are -rice of '0.)c. ci nts from 'r.ch 1 to 26 was 21 percent him-:I.r than the
March 1939 r.v. rnc.

A n*'.unb.r of d.rv.lop;n-cnts hcon contributed to the slight twek:ess in
domestic cotton -ricj s durin.n recent weeks. Tli' :s include a materially low-
er rnt of rxports in co-.-rricon with ?. yc.r eac-lier than exist.e:d fr ?n
DcceT-ber to Febracry, further cdecli-:.s in dcmostic mill activity, -'nd pos-
sibly the inc--caz.-..: realization that the rate of forei in mill consu-mtion of





- 4 -


American cotton is rumnin.r; m'.ch beelovr. t'.t of exports. A~ong with these
may be included the further decline in domestic industrial production and
lack of strength in corodity and. security prices.

The higher prices as ccmoared with a year ago are also accounted
for by -. number of factors. Perhaps the most important is the higher rate
of domestic cotton nill consvmnption (see section headed DE:A'i'D AND CO:T-
SLUPTIOII) which is d.ue largely to the higher domestic industrial production
and consumer incomes. The higher foreign demand along with the domestic
Export Pa:ment Program also has contributed to the higher prices as com-
pared with a year gn (see section headed EPORTS).

Liveroool prices decline sharply

From early January to early March, prices of American and most
foreign cotton in Liverpool showed a rather ste.ay decline. Between March
8 and L:arch 21 there ;was a rather sharp decline, particularly in prices of
American cotton. On March 21, American Middling fair staple approximatelyy
7/8 inch) averaged 11.71 cents (converted at the open market exchange rate).
This 7as 1.4,' cents lo';er thmn on 'March 8 and 1.55 cents less than on Feb-
ruary 23. The nice of Middling 7/S at ITew Orleans on March 21 of 10.40
cents was only 0.15 c)nts rnd 0.10 cents lower than on March g and Feb-
ruary 23. From this it may be seen tnhat the spread between Liverpool and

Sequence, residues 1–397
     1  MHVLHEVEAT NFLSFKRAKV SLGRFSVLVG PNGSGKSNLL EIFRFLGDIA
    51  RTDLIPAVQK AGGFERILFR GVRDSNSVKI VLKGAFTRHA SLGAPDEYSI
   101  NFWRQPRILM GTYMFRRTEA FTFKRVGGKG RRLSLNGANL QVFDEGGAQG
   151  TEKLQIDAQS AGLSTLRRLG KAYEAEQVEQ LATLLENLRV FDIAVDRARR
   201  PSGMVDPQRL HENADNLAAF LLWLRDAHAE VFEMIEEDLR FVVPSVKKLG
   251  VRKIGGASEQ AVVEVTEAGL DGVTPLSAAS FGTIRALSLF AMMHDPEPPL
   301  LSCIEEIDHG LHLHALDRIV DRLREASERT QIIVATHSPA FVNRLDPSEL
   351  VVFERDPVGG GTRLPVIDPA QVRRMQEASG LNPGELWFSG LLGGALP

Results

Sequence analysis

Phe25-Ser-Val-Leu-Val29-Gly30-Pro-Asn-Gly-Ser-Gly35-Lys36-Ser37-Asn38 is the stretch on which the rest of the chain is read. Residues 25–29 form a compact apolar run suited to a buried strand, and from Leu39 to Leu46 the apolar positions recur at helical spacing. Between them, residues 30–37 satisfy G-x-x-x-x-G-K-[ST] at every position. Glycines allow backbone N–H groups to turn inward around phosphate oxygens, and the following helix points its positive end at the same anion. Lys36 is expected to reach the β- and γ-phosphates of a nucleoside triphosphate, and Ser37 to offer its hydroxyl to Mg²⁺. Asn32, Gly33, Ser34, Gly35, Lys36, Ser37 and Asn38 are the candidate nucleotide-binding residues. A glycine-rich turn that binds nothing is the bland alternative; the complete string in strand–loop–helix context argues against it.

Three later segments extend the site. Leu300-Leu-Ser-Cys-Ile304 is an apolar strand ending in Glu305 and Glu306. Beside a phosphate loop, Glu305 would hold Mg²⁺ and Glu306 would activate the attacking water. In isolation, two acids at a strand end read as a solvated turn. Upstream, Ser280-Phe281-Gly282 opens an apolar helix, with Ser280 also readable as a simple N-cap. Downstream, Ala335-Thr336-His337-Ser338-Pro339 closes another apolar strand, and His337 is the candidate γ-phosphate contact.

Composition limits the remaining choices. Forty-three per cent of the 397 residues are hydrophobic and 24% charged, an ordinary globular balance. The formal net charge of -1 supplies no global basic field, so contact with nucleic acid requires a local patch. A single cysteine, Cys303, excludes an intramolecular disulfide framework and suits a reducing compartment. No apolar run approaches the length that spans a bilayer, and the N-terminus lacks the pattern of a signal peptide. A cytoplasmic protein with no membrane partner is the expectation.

New Orleans declined sharply. The spread of 1.31 cents on March 21 w.as the
lowest for any Fridny since prior to the outbreak of the war on the first of
September.

The decline in Liveroool prices relative to domestic prices in recent
weeks is probably due largely to reduced British demand resulting from the
increasing stocks of raw cotton on hand and the rather large purchases previ-
ously made. It seer.s likely that British buyers are now considerably less
concerned over the possibility of future increases in transportation costs,
and less optimistic as to the outlook for British mill activity over the
next year or more.

Since March 8, prices of American cotton in Liverpool have declined
somewhat moro than prices of other growths. As a result, the ratio of the
prices of those growths to American increased considerably. On March 21,
the price of Indian Oomra #1 fine was equivalent to 82.5 percent of the
price of American Middling, compared with 80.9 on March 8. Similar compari-
sons for other growths are Egyptian Unpers 138 compared with 126, and Bra-
zilian Salio Paulo, fair, 101.3 compared with 100.6. The price of Egyptian
Uppers was higher relative to A-merican Middling 7/8 on March 21 than for
more than 2-1/2 years.

EXOPOTS

AMJERICAIT: Exports for last few weeks much less
favorable but Etill much above last yoar

Since early February, weekly exports have been 18 to 100 percent
larger than luring the corresponding weeks last year, whereas for several
weeks prior thereto they wrre 300 to 400 percent larger, according to trade
data. In February, exports were officially reported at 747,000 bales or
about 1,3 per-ent larger than in February last year and the largest for the


cs-41






Cs-1


Table .- Cotton: S-ct price per pound, specified -:ro-vths at Liverpool